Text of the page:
One thing not so pleasing are the driving mechanics, I could never quite get the hang of them. The cars are twitchy and all of them feel like they handle the same. This doesn’t make driving much fun and considering how big the map is you end up doing a lot of it so I found myself getting taxis to most places unlike in GTA where I would just drive around for the fun of it.

This game might be like GTA but it’s certainly not as polished as GTA. This is most obvious when your being chased by the cops, there is a heat level similar to the number of stars you get in GTA but apart from having a few more cops chase you all of the levels (and I’ve only ever been able to get to level 2) are pretty much the same, not like in GTA where you would have helicopters, spikes and even the army to look forward too if you caused too much mayhem.

Graphically the game is pretty nice, characters are detailed enough as are the environments you find yourself in. What really stands out though is wondering around at night with the city beautifully lit up.

There’s no dedicated online multiplayer in Sleeping Dogs but it does have an online component. Your times and scores for certain events such as speeding through oncoming traffic or jumping off a ramp are recorded and then when a friend attempts them it pops up your friends best score so you can try to beat it.

Overall Sleeping Dogs offers a fantastic combat system and a great story line and whilst it isn’t a GTA killer it well worth playing.


By Aaron Kalair

PSOnline purchased their copy of this game.

PaPo & Yo Review

A dark adventure

PaPo & Yo is a wonderful but depressing story of a boys imagination as he tries to escape from his abusive and alcoholic farther.

Set in vast, beautiful locations you have to manipulate the world to make progress through the level. You do this by interacting with keys and levers dotted around the maps and highlighted in white. Turning the keys and pulling the levers move the buildings allowing access to previously inaccessible areas, the animations as things move are brilliantly done.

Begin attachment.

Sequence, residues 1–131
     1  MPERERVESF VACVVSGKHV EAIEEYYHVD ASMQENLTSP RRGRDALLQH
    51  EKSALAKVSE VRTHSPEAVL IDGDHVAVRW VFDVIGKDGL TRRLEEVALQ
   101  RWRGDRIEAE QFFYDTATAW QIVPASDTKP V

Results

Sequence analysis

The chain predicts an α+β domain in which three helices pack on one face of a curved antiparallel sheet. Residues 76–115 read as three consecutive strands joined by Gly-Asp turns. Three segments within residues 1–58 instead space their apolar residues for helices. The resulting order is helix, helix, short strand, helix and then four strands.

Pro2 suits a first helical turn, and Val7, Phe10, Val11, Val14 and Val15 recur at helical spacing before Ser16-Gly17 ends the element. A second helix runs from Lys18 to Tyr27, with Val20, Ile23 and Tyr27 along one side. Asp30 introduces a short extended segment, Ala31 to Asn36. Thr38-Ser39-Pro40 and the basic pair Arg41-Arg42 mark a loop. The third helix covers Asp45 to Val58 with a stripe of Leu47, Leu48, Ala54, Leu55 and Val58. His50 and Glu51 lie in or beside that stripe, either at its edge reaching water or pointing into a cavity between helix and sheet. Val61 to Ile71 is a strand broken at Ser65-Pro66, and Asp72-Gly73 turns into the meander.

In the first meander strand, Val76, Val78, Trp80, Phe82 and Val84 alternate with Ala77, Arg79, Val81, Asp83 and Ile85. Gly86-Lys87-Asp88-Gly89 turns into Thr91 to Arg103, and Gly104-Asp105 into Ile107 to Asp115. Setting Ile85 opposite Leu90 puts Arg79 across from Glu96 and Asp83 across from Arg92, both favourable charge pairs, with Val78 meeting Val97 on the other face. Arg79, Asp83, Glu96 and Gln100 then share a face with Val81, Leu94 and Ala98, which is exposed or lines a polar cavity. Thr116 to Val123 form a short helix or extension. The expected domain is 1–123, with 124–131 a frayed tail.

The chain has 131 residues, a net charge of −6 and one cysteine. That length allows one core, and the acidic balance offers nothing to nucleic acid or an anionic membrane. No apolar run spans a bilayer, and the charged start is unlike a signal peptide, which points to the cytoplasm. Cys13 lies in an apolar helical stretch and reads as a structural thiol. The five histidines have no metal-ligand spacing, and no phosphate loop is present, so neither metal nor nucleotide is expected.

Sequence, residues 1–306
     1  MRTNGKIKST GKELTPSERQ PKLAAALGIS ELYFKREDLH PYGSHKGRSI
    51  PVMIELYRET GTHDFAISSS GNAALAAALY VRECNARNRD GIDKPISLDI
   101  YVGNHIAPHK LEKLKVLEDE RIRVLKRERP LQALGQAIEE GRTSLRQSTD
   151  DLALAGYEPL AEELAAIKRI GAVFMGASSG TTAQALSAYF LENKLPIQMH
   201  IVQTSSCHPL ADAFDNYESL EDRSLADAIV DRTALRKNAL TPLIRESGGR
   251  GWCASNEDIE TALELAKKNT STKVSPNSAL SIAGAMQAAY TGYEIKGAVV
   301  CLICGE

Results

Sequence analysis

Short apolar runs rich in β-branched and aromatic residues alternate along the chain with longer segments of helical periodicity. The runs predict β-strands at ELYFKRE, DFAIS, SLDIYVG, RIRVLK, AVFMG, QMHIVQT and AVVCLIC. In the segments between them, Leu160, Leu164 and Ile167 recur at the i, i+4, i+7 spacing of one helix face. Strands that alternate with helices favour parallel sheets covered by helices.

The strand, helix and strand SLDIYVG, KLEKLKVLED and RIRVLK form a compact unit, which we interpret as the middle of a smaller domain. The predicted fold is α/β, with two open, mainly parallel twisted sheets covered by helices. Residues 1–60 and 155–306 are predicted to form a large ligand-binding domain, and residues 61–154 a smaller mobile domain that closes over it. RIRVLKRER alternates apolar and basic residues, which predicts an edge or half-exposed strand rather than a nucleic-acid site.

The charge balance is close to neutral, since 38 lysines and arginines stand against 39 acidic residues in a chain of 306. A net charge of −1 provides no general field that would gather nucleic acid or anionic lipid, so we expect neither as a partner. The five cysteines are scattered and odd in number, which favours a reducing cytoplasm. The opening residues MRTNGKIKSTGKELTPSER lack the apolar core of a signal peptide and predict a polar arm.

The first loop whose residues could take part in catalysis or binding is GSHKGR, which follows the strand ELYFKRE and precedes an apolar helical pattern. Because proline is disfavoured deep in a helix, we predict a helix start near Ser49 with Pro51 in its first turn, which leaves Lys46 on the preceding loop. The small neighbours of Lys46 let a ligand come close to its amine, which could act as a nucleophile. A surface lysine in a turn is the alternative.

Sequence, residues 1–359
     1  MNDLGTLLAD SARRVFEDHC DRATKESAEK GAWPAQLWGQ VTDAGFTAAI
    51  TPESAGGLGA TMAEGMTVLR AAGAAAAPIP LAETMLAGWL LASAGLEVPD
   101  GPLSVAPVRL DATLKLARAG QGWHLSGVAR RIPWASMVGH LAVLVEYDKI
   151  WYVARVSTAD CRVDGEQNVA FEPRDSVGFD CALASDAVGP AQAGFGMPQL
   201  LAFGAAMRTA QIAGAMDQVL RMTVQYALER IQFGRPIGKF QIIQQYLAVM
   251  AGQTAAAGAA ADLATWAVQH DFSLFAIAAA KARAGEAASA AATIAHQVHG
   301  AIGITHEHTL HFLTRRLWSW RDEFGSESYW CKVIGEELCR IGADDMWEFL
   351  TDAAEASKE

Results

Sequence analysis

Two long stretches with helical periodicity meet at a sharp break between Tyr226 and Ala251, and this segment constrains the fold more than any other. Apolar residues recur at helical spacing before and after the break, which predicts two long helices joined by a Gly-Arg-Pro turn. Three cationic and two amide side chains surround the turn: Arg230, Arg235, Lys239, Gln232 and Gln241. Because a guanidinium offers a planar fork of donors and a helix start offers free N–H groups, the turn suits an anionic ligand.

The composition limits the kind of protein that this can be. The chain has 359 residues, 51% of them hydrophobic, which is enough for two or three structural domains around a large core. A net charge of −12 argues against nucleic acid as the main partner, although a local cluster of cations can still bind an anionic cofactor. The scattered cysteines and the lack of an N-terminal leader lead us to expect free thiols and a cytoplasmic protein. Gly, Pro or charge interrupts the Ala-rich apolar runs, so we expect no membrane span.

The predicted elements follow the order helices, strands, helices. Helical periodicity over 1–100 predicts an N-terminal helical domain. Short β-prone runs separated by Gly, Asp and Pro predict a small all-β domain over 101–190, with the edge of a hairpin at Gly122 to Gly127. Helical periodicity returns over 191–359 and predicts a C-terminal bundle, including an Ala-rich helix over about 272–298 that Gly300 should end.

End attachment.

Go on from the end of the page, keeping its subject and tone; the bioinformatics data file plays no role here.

You also need to make ‘monster’ move through some of the levels with you. You do this by tempting him with fruit lying around the levels, he really prefers frogs though but these turn him into a fire monster who mercilessly throws you around. Once he’s in this state only feeding him a blue fruit can calm him down.

Jumping between buildings, platforms and the like is a core part of the game but unfortunately it can be a real pain. Sometimes you can pull off jumps easily the first time but other jumps require you to try over and over and without even changing your technique eventually you will make the jump.

In addition to jumping, turning keys and pulling levers there are puzzles that require you to build path ways by moving boxes around and their positions correspond to positions of buildings in the distance, so you need to move the boxes in a way that builds a path of buildings across a gap.

Your toy robot also assists you from early on in the game allowing you to gain a small rocket powered boost during jumps.

The real stand out point for me in this game was just how big the game is, you look around and see buildings and scenery stretching off far into the distance. At one point you’re high in the air on a transparent floor and my knees were feeling weak as I looked down and saw just how high up I was.

Unfortunately there are some problems with the game graphically, tearing was a real problem in some parts of the game as was slowdown, they don’t make the game unplayable though and hopefully these issues will be fixed in a future update.

At £11.99 this game is more expensive than most short titles on the store it does have some stunning 3D graphics however and the developers need to eat. In fact I’m not sure if it is actually that expensive or we’ve just got too used to £0.99 games on app stores.

Overall, this game may have some rough edges but the story is so wonderfully told and the graphics are so nice, if you can spare £12.00 it’s certainly worth checking this game out.

7 / 10

By Aaron Kalair

PSOnline kindly received two review copies of this game